A spokesman for Israel’s Foreign Ministry told The Times of Israel that any improvement in ties “is basically up to Poland,” adding: “The crisis is because of the law. In order to fix the problem, they should address it.”
While politicians, ministers and parliamentarians from a wide range of countries attended the conference, including the UK, Germany, France, Hungary, Slovenia, the Netherlands and even the Congo, not a single representative of Israel’s government or parliament was present. The only Israeli on the conference agenda was Rabbi Yisrael Meir Lau, the former chief rabbi and current chairman of Yad Vashem.
Prime Minister Naftali Bennett sent a video message that was played at the conference’s gala dinner, where he stressed that “Jews should not be fighting antisemitism alone,” and declared that anti-Zionism is the “modern manifestation” of antisemitism.
A representative for Poland’s government — Wojciech Kolarski, secretary of state in the chancellery of the president — was originally slated to attend the conference but canceled for unspecified reasons. His office did not respond to a request for comment.
Instead, an adviser to President Andrzej Duda read a letter from the president at the conference, which emphasized the need to remember “all Poles” alongside Jewish victims of the Holocaust, and stressed that “contemporary Poland is a safe and friendly country” to Jews.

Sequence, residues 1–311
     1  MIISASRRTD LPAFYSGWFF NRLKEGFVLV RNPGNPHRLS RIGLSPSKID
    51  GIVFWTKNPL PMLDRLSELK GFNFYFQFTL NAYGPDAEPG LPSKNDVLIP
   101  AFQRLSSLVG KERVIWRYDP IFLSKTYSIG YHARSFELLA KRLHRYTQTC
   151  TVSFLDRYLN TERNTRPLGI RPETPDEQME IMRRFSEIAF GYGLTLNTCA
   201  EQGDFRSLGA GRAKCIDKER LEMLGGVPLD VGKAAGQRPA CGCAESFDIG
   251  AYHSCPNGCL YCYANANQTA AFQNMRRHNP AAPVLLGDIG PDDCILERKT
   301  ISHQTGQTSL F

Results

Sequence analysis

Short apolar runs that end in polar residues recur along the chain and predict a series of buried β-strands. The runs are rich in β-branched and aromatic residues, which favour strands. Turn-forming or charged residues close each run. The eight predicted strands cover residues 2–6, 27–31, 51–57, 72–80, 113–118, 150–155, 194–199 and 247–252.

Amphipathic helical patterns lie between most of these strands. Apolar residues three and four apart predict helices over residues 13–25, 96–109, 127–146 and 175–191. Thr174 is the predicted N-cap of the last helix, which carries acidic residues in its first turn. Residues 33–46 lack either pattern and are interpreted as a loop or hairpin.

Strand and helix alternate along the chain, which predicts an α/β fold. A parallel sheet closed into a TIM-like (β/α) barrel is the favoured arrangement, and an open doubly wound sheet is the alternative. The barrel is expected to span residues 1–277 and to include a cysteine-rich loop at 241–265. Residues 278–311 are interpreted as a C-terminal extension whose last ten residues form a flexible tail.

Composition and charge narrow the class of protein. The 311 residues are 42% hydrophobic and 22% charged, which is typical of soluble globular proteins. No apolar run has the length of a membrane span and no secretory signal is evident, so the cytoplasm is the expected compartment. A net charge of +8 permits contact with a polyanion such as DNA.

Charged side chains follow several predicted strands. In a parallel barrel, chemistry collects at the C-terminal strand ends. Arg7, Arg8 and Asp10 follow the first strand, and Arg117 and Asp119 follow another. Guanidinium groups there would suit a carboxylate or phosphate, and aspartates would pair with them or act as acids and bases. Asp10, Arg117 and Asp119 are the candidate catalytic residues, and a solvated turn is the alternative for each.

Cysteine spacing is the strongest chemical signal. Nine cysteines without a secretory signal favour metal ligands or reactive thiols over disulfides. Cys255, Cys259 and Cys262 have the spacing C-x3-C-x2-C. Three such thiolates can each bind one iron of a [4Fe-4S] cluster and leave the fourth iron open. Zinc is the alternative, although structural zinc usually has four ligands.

EJA officials said they invited Israeli Culture Minister Chili Tropper to attend, but he declined. Tropper’s office said he was unable to attend due to scheduling conflicts.
Conference organizers suggested that Israeli government representatives were unwilling to commit to attending the conference due to the uncertainty over the timing of critical budget votes, which wrapped up late last week.
Alex Benjamin, the director of the EJA, told The Times of Israel that the crisis in ties between Israel and Poland likely “would have been [part of the] equation” for Israeli officials choosing not to attend.
But, he said, “there are some things that transcend political disagreements,” and asserted that for Israel, “such consideration and such diplomatic rows fade into insignificance when it comes to honoring the dead in Auschwitz. There are some things that transcend political disagreements,” he added. “And visits to Auschwitz and talking about antisemitism is one of those.”